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3 Things Nurses Should Know About Home Health Nursing

Career News September 12, 2013

Of all the different areas to which a nurse could apply her education and experience, home health nursing is one of the fastest growing vacations in the nation. With the U.S. Bureau of Labor Statistics reporting that employment of licensed vocational and licensed practical nurses is projected to grow 22% by the year 2020, home health nursing is expanding quicker than average compared with other health care jobs in general.

In the past, hospital stays and long-term nursing care facilities were the only options for many people of any age that had serious medical needs. With advancement in technology, the ability to perform medical procedures and other health care processes has gone mobile, making it possible to treat and care for patients in their own homes.

By all accounts, the evolution of medical practice and mobilizing health care has come just in time: with the baby boom generation retiring, growing older and living longer than generations before them, many may find themselves in circumstances where their health requires long-term care, and when you’re convalescing, there’s no place like home.

Fast-Track to Employment

To acquire the credentials needed to make a career in home health nursing an approved educational program must be completed as well as obtaining a license to practice. Most colleges and technical schools provide accredited programs that only take one year to complete. Some of those schools also have a placement program that connects new graduates with home care services, in need of licensed practical or licensed vocational nurses for their clients.

Not only does that mean minimal time investment in education, but minimal down time between graduation and employment, too. It is a valuable stepping stone, too, a start to a career in healthcare that can open doors leading to continuing education, more advanced degrees, more options and that ever-important increased paycheck.

Varied Job Description

A home health nurse is placed, in a patient’s home, to provide nursing care, such as administering medications and observing and recording indications of the patient’s health. The duties of a home health nurse can vary widely, depending on the circumstances and the patients’ needs. Administering blood or dialysis might be necessary, as might catheterization and IV therapy. Since the nurse is helping the patient live as comfortable and normal life as possible, nonmedical tasks might be required like:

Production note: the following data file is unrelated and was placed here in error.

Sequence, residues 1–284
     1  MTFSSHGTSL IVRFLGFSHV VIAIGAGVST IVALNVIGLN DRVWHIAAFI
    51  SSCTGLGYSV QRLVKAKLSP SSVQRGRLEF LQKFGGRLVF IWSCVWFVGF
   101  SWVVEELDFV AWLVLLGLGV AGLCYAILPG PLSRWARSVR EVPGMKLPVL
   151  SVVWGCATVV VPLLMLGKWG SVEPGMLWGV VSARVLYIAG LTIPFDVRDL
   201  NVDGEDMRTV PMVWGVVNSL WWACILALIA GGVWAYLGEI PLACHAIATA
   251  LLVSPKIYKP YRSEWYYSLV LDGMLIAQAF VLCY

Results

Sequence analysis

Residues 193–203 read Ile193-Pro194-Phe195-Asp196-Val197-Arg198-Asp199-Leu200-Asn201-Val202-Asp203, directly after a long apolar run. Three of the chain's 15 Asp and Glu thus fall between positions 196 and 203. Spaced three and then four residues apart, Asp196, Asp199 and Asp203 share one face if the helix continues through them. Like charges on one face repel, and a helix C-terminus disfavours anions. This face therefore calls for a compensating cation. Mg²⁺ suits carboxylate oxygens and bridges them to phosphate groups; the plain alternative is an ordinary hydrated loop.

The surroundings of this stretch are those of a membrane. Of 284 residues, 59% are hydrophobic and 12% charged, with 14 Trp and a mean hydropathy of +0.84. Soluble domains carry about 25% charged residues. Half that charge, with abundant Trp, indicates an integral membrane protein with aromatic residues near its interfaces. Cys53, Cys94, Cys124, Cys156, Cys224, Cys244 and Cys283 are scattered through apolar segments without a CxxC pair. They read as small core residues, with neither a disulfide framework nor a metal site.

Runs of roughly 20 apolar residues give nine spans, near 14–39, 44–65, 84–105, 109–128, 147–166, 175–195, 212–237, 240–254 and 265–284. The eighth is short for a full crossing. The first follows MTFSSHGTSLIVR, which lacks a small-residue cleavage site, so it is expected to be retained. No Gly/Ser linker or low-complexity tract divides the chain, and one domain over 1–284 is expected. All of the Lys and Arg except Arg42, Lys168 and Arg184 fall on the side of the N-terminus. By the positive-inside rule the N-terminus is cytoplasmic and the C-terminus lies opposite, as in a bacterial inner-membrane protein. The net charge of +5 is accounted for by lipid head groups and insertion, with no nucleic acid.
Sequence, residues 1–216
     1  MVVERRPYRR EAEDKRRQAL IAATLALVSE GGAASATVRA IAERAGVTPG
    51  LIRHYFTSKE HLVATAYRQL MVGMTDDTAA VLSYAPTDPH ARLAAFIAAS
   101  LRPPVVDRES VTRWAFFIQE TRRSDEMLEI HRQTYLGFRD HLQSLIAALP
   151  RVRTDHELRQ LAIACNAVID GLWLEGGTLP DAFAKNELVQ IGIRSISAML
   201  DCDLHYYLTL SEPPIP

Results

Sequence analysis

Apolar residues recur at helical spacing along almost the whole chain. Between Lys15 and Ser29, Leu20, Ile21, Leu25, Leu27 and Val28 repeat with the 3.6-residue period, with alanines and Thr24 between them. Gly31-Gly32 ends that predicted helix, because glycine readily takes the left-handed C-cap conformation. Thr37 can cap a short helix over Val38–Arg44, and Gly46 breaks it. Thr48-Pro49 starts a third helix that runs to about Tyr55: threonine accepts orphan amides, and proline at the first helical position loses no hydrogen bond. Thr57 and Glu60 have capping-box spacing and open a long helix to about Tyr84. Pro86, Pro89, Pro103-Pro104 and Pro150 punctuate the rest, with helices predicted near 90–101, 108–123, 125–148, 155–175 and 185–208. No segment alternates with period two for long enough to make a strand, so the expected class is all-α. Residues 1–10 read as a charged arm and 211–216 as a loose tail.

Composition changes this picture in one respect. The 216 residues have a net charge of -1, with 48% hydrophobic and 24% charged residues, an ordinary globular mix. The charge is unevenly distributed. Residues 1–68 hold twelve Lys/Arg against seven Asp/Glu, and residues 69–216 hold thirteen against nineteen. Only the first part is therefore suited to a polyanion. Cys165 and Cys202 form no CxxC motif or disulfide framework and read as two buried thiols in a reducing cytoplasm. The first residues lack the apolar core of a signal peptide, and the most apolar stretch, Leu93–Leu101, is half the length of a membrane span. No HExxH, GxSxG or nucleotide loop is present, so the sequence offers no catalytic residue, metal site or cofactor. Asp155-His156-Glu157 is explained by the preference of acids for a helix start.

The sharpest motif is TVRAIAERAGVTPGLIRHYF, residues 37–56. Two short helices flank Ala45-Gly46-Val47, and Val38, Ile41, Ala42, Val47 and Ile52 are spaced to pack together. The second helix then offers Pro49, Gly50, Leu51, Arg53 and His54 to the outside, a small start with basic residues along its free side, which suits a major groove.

•Light housework
•Assistance with bathing and dressing

Although an LPN or a LVN is the minimal requirements for someone to become a home health nurse, this doesn’t mean that RN’s and those with advanced nursing degrees never work in a home care situation. Again, it can depend on the circumstances, which might call for the nurse placed, in the home, to have the experience, education and background to deal with the medical issue at hand.

Driving and Telecare

Home health nursing is not only more viable now, but it is more cost effective than the alternatives, especially if the patient lives in a rural setting that makes ongoing travel, to and from a health care facility, difficult. Anyone considering a career in home health nursing should be aware of the very real possibility that much time could be spent commuting.

The National Association for Homecare and Hospice published the results of a study that revealed that home healthcare workers drive nearly five billion miles each year, to provide medical care to clients.

Even so, the economy and the cost of fuel have made that aspect difficult without raising costs, and once again it is advanced technology that has come to the rescue. A number of home health nursing services and doctors are now relying on telehealth practices for those patients that don’t require a physical visit daily to administer medications or require on-site assistance with other tasks, but who might still need frequent face-to-face contact with their health care providers.

The Health Resources and Services Administration report that videoconferencing, streaming media and wireless communications, has been an immense help in meeting the needs of rural and homebound patients. These developments could spur an addition to the nursing programs that provide education in technologies that make home health nursing more feasible than ever.

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